Thanks John good to know it’s useful.
How far along are your fruit buds this year on your pears? I was looking forward to your pear posts but I’m concerned this weather will kill most of our blossoms. I figure you will cover your tree with an electric blanket or hang lights.
My Euro and Asian pears all are in tight clusters. They slow down a bit from the Icy and snowy storm about 10 days ago. The weather looks bad until next Thursday and I am hoping that they stayed in tight clusters until then. Crazy year again.
Here is the whole month weather for Omaha.
I have a new century asian pear that suffered some damage last winter but it is still growing. Its about 5 years old but only produced a couple fruit this year and several branches died completely. Id like to make some copies of it. Anyone recommend a hardy rootstock to try with this pear? I got it from Starks originally…
I would recommend any rootstock but ohxf333. BET is best in my opinion.
What type of graft do you recommend that has a high success rate and is fairly easy to create?
Derek in our local Home Orchard Society, we only use Asian pear rootstock for Asian pears. I think it’s called pyrus betulina. I think there are compatibility issues if not.
I use calllery pear for all my Asian pears, but I use an Asian/Euro hybrid interstem that has proven to work well with Callery.
That is also the method I use and it has worked without any issues.
@TheDerek Harbin aka Ussurian sometimes suffer from pear decline if psylla are present and if European pear are grafted to them but yes they work very well in colder regions. Harbin pears get huge! Why not use http://www.willamettenurseries.com/fruit-tree-seedlings/pears/betulaefolia-pear under Asian pears
Why not use Callery or Bradford Pear | Willamette Nurseries rootstock clonal seedling fruit tree ornamental seedlings under European pears
Use Harbin Pear | Willamette Nurseries rootstock clonal seedling fruit tree ornamental seedlings when you need a large tree or a big tree. Remember what I said about psylla and pear decline which won’t effect Asian pears like that.
When European pears won’t work on callery they work on Bartlett or Common Pear | Willamette Nurseries rootstock clonal seedling fruit tree ornamental seedlings which is a fire blight magnet
Compare them all in one spot here FRUIT TREE SEEDLINGS | Willamette Nurseries rootstock clonal seedling fruit tree ornamental seedlings
In cold areas (4a or lower), harbin/ussurian pear is really the only viable long term choice. I’ve been grafting to OHxF 97 and have lost young trees to winter damage. From here on, the only rootstock I’ll use is harbin pear. I do know that pyrus communis is being used by St. Lawrence Nursery for many of their European pears. My experience with common pear rootstocks has been mixed. Some are cold hardy and some aren’t. I have come to the conclusion that what may be “winter hardy” in the northeast U.S. may not be winter hardy in areas that don’t receive consistent snowfalls (like central/west central MN).
I agree, betulifolia is a good choice. I’ve also heard that the Asian fruit can be quite large on this rootstock. I have a few on betulifolia and really like them, but they do seem to sucker a little more than Callery, which can be a problem since they are fireblight susceptible. In my soil, Callery is king. It can handle the extremes of soggy muck during the winter to concrete during a droughty summer.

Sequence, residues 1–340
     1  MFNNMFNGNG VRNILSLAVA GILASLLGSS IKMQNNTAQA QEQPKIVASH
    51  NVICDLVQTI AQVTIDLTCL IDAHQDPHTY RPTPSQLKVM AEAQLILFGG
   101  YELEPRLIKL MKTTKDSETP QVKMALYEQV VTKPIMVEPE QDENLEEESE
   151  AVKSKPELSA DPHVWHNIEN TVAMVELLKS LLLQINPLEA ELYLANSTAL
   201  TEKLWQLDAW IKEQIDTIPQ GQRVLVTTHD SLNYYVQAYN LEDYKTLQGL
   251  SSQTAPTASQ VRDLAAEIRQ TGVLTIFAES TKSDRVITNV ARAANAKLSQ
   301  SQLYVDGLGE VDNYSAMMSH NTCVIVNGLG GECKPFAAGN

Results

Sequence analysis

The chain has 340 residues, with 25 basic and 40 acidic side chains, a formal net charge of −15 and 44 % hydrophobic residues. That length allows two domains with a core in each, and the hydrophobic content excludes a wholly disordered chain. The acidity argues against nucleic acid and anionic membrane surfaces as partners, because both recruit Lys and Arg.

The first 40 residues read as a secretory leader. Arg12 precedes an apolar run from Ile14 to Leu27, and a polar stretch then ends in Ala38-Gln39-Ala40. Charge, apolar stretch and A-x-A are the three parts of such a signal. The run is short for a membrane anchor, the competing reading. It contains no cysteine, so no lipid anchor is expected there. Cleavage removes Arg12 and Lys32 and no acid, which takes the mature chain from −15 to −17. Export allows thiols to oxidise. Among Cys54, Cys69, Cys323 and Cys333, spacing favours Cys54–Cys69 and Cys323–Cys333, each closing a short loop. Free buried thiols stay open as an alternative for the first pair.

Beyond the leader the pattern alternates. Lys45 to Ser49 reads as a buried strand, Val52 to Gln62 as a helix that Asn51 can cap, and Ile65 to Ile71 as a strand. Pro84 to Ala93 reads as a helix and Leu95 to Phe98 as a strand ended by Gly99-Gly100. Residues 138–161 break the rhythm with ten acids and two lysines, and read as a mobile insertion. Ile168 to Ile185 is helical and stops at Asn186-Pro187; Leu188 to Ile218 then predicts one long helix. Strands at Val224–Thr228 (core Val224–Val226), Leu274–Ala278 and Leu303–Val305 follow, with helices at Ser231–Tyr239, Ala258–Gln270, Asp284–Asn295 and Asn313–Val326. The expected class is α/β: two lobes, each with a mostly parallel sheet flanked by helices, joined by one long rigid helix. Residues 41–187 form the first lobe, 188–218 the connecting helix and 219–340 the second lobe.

I graft all my Asians that I sell on callery with hybrid interstems. I do not advertise as such because it would lead to some confusion and lots of questions. I wish my customers knew what a good combo this is.
Yes, Clark and Bambooman have it: betulifolia. I was close.
I have read that Callery and perhaps Bradford are fast growing but break in wind (break like the wind), so the interstem sounds like a great idea if you’re willing to do the work.
I live in a mild winter area so the special cold hardy rootstock isn’t necessary here.
Bradford is P. calleryana. I have put my blade to calleryana, communis, and pyrifolia many times. Callery is a harder and stronger wood. The only reason Bradfords break is bacause of narrow crotch angles, which then leads to rot. Proper training of any tree is important to avoid these crotch angles.
Your right about the breaking but it is due to an enormous amount of limbs at one location and they tend to point upward. At 15-20 years these limbs start to break out. My opinion is that the problem is as described can be a problem but not in the case where it is grafted and the limb structure is totally different.
Great info, Bambooman and Auburn!
Wild callery is very different wood from a true Bradford. Bradford pears are not fun to graft in my experience and the wood is very soft.
That’s good to know. I’ve never grafted a true Bradford just their thorny cousins grown specifically for rootstock.
The true Bradford has bark that slips a little to easy so much so it peels away when your trying to rind or cleft graft it. The wood itself is weak and light like poplar. It’s not any thing I want to work with. The first storm that comes along breaks every branch. It’s short lived and gets fire blight easy .They get very tall.The seedlings are nice trees.
I grafted several hundred pears all onto Callery. With a repetitive tasks such as this, small differences in wood density become obvious. I strongly believe Callery is the best full sized choice for a large portion of America.
I have been toying around with quince as rootstock, which does have some benefits. I even thought of using a full sized understock with a quince interstem, then partially bury this quince interstem. You have the benefits of a precocious pear that has more tolerance to challenging conditions than a quince rootstock. I know… there are compatibility (and other) issues with quince.
Sorry to get off topic.